Direct Use of Production System Data for Organizational Performance Measures
Data access frequently challenges metric developers. Consequently, they may resort to using the most readily available performance data; data that can be obtained through a user defined production application query and downloaded into a Microsoft Excel spreadsheet or Access database. While such practices may be appropriate when developing proof-of-concept metrics, direct use of production data typically leads to metric instability resulting in low metric confidence and driving unintended organizational behaviors.
Why Production Data is Unsuitable for Organizational Performance Measures
Production data possesses qualities making it unsuitable for use in developing longer-term organizational performance measures. Primary among these is the dynamic nature of the data itself. By its very nature, production data is transactional and subject to frequent ongoing change – additions, deletions, and revisions. Consequently, metrics monitoring a series of period-based performance (such as monthly performance periods reflected in one metric covering a rolling 12 month year) can have a given historical period’s performance change from one publication of the metric to the next.
Another significant issue associated with using production data is extraction timing consistency. To consistently measure performance within defined time intervals necessitates data to be extracted at the same end time for each period such as 11:59:59 pm (23:59:59) on the last day of the week, month, quarter, year, etcetera. Not only is it highly unlikely that a manually timed extraction could occur with such timing precision but few individuals work at midnight and fewer at midnight on weekends and holidays where a period will occasionally end.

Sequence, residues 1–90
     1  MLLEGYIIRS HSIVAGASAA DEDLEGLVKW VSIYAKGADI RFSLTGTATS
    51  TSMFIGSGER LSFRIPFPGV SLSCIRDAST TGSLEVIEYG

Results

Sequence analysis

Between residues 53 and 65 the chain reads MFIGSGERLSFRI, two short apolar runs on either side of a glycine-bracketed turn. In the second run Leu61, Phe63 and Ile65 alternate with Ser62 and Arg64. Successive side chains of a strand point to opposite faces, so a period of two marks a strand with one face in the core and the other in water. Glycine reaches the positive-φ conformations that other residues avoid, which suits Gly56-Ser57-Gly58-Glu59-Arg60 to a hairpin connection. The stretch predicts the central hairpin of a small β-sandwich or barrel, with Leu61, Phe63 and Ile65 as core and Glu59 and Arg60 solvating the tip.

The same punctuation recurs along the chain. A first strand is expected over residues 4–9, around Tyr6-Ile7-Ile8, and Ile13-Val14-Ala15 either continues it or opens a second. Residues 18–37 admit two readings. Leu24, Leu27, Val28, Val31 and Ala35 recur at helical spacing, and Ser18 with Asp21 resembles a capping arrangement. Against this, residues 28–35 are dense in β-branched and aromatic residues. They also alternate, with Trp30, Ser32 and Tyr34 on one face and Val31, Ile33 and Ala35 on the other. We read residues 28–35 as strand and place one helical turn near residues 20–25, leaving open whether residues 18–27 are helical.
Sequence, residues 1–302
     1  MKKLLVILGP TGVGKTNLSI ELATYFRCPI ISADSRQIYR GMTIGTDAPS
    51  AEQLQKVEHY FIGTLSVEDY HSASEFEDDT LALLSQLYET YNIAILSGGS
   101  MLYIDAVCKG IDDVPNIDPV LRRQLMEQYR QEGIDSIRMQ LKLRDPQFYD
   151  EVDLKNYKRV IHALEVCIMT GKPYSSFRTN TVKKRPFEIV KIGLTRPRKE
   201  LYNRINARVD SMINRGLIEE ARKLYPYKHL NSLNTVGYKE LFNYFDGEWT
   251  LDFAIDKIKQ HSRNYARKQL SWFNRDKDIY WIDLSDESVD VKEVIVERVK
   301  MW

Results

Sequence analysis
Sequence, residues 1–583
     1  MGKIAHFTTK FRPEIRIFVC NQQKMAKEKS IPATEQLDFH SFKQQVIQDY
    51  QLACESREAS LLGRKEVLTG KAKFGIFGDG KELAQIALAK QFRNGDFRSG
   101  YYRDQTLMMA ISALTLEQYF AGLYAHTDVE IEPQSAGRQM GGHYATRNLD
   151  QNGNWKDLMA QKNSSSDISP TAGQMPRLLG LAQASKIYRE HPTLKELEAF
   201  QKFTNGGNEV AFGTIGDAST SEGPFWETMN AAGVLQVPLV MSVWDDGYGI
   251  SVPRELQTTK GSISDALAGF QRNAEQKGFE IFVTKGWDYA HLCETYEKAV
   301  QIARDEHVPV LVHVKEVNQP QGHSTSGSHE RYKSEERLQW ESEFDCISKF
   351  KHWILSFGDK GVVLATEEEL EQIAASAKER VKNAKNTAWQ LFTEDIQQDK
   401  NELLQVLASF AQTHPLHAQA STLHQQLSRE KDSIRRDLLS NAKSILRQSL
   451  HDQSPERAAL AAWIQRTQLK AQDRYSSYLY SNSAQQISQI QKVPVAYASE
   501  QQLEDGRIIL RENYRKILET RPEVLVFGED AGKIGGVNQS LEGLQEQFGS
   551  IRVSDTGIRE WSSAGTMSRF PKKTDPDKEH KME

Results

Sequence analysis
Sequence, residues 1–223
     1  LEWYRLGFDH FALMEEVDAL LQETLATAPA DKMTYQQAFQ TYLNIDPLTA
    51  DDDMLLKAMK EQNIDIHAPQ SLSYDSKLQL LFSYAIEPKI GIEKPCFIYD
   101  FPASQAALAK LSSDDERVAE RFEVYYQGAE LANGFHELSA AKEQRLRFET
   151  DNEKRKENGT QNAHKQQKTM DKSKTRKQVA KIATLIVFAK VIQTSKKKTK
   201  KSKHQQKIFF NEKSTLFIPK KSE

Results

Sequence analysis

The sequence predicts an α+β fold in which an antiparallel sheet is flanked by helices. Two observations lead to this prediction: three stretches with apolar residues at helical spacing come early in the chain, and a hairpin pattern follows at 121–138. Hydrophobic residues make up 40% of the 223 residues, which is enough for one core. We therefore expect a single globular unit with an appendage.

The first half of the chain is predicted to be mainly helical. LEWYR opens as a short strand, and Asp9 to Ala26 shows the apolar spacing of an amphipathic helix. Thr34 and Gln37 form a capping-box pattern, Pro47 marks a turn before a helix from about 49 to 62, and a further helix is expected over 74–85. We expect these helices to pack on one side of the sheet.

Benefits of Using a Data Historian
Data historian applications solve the issues associated with using production data as an input to organizational performance measures. Such applications extract a ‘data image’ at a consistent, specified period end time (eliminating extraction timing issue). These moment-in-time data images preserve performance as it was known at the time of extraction. Subsequently, metrics can be derived from a collection of data images – one for each reflected period – ensuring indicated period performance remains constant from one report publication to the next (eliminating the data variability issue).
As previously eluded to, use of production data benefits the development of proof-of-concept metrics. Production data’s ease of extraction enables developers to more rapidly and cost effectively create and test these pilot metrics. That said, use of production data based organizational performance measures should be limited and done with a full understanding of their potential variability defects so as to not diminish confidence and drive inappropriate behaviors before the metric is properly implemented.
About the Author
Nathan Ives is a StrategyDriven Principal and Host of the StrategyDriven Podcast. For over twenty years, he has served as trusted advisor to executives and managers at dozens of Fortune 500 and smaller companies in the areas of management effectiveness, organizational development, and process improvement. To read Nathan’s complete biography, click here.
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